No music for you: Derf Backderf

Given my occasional dips into the realm of darkness aka  serial killers (that I do share with good company), I stumbled over Derf Backderf’s „My friend Dahmer“ and boy, it’s great (I already swooned over it on one of my work-blogs in German but it would feel weird not to include an ode on my own blog).

There is something about a proper Graphic Novel that always makes me giddy, as much as I love a comic series, a contained story that revolves outside the usual hero/action/fantasy laden world of comics and deals more with our world, will always win me over, especially if it’s being done in such a visually stunning way and with such a great and unforced narrative.

My Friend Dahmer: 20 years in the making

The book depicts anecdotes that Derf collected about Dahmer over a span of about 20 years from friends, schoolmates, teachers, interviews etc., starting with the news in 1991, when Dahmer was caught for killing 17 young men. Over the years, the ideas and the comic itself grew into a novel (although he did release a skinnier version early on) and the recently released volume contains 221 pages that try to connect two seemingly disparate images: that of „Dahmer“, the serial killer and „Monster of Ohio“ as he was called a few times – and that of „Jeff“, the kid that went to school just like every other kid but got caught up in a darkness that none of his schoolmates ever would have suspected.

Visually stunning

The artwork is black and white and is especially striking in the clean outlines and the balance or imbalance of light and dark, whatever the mood requires. If you do a comic in black and white, you better do it like Derf, it never looks messy or cluttered which easily happens when an artist tries to overdo it with shadows and details.

There are one-page panels within the novel that create an atmosphere that seem to set the following scene and therefore nearly act like an underlying soundtrack to the anecdotes, especially two images of the road towards Dahmer’s house (one at the beginning and one at the very end) seem to conjure up the transition from normalcy to inner chaos.

Ballancing suburbia with personal demons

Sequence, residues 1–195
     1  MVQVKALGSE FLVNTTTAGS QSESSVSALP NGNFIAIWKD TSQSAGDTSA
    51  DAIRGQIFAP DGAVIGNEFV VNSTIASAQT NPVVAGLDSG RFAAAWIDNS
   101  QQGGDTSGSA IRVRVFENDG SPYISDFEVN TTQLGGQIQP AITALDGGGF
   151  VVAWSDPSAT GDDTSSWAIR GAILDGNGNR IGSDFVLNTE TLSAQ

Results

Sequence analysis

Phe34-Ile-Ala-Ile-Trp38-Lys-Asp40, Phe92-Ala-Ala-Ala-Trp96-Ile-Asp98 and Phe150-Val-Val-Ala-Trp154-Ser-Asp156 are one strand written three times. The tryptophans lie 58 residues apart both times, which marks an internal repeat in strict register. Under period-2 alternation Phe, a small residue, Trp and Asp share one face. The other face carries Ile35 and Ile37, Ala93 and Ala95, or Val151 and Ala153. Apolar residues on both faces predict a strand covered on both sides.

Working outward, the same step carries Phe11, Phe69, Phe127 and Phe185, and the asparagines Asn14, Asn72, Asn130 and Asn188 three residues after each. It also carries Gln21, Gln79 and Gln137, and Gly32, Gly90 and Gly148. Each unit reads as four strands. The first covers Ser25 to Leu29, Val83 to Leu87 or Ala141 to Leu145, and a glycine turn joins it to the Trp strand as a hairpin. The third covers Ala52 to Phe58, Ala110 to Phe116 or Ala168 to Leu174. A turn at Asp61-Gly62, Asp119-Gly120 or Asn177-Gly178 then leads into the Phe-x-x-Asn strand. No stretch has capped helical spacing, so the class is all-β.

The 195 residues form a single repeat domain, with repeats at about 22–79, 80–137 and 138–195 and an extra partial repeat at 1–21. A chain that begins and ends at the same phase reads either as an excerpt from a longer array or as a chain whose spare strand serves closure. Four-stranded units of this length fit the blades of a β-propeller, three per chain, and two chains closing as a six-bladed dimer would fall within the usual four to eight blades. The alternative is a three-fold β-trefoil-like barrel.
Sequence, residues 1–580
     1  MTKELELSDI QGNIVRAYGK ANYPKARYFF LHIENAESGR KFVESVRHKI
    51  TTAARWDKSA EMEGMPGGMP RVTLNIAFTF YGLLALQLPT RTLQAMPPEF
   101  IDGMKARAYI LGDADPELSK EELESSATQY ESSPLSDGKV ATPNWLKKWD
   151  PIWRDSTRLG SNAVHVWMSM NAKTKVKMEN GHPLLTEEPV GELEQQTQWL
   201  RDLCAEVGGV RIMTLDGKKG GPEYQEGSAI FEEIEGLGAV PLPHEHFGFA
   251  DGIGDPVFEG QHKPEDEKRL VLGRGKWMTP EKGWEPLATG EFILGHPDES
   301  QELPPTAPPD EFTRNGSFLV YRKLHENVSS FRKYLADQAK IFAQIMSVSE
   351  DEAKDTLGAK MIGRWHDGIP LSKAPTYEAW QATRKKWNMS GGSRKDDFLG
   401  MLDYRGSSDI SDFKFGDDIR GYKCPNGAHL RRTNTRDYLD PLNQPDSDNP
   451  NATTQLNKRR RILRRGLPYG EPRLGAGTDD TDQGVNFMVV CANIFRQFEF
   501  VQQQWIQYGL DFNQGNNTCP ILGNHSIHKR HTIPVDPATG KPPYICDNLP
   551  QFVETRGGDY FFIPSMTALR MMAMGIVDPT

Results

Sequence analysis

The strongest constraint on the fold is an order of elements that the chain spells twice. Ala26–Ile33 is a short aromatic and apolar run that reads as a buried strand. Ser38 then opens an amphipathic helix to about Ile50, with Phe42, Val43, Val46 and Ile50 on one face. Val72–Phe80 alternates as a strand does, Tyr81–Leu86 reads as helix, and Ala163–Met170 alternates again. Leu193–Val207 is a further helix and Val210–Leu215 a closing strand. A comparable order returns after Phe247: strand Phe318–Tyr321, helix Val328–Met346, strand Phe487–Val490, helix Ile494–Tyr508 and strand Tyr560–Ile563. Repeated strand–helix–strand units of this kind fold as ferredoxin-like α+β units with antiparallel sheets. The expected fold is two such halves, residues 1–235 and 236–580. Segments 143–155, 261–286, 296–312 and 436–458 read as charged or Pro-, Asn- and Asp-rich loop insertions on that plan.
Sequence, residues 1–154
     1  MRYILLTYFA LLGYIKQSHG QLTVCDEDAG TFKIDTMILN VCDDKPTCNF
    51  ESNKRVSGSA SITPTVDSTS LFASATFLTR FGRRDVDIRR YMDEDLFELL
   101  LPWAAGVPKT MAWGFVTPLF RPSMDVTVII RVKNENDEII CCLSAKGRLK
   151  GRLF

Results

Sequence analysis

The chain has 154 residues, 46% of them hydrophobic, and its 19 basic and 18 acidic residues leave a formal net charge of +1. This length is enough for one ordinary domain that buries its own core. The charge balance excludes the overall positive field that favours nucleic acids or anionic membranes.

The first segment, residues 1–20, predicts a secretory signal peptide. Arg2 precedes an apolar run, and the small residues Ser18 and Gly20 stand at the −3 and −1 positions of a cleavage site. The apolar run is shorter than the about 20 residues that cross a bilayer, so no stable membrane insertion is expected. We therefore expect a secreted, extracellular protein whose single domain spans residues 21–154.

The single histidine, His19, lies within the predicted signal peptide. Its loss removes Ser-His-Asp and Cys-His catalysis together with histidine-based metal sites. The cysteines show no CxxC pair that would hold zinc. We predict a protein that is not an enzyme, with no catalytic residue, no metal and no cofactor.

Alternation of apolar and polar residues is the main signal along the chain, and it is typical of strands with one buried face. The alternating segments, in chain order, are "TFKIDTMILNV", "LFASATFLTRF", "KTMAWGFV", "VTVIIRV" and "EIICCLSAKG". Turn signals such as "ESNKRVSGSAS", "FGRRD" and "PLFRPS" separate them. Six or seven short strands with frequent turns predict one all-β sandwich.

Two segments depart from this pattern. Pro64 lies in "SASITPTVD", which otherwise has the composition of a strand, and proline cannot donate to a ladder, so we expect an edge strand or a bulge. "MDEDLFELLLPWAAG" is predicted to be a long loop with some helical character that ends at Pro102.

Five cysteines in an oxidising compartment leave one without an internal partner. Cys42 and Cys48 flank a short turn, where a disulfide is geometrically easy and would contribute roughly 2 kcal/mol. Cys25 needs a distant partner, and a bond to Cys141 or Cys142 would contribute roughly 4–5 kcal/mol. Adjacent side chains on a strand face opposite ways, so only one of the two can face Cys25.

Throughout the novel, Backderf tries to mirror Dahmer’s isolated and broken life at home with his own teenage years in a „typical“ family and it becomes clear that the always communicated „normal childhood“ of Dahmer never existed. Thanks to a very well researched approach (quite possibly better researched than many official books and texts on Dahmer), there is nothing that comes off as overly dramatized, even if there are scenes that are more based on speculation but serve the story and therefore have every right to be there.

„My friend Dahmer“ is not gore, nor tries it to create a suburban Thriller or anything remotely “Omen”-esque. It’s essentially a great depiction of High School mingled with this tragic story of a kid who never fit anywhere and always just slipped in and out of people’s lives. Despite creating the „Dahmer Fan Club“, Derf and his friends (the bandgeeks, gnihi) never really included him in their activities and treated him more like a novelty mascot. But whereas the reader might see that as cruel, one only has to remind themselves of High School and even present relationships. If someone strikes you as odd (and not in the charming but rather disturbing way), you hopefully won’t bully that person but you also won’t put much energy in befriending them. Let’s face it (and this is not even assumption it’s pretty much scientifically proven): Teenagers are pretty self-centered and it’s a miracle that many of us at some point realize that and at least try to change it as adults.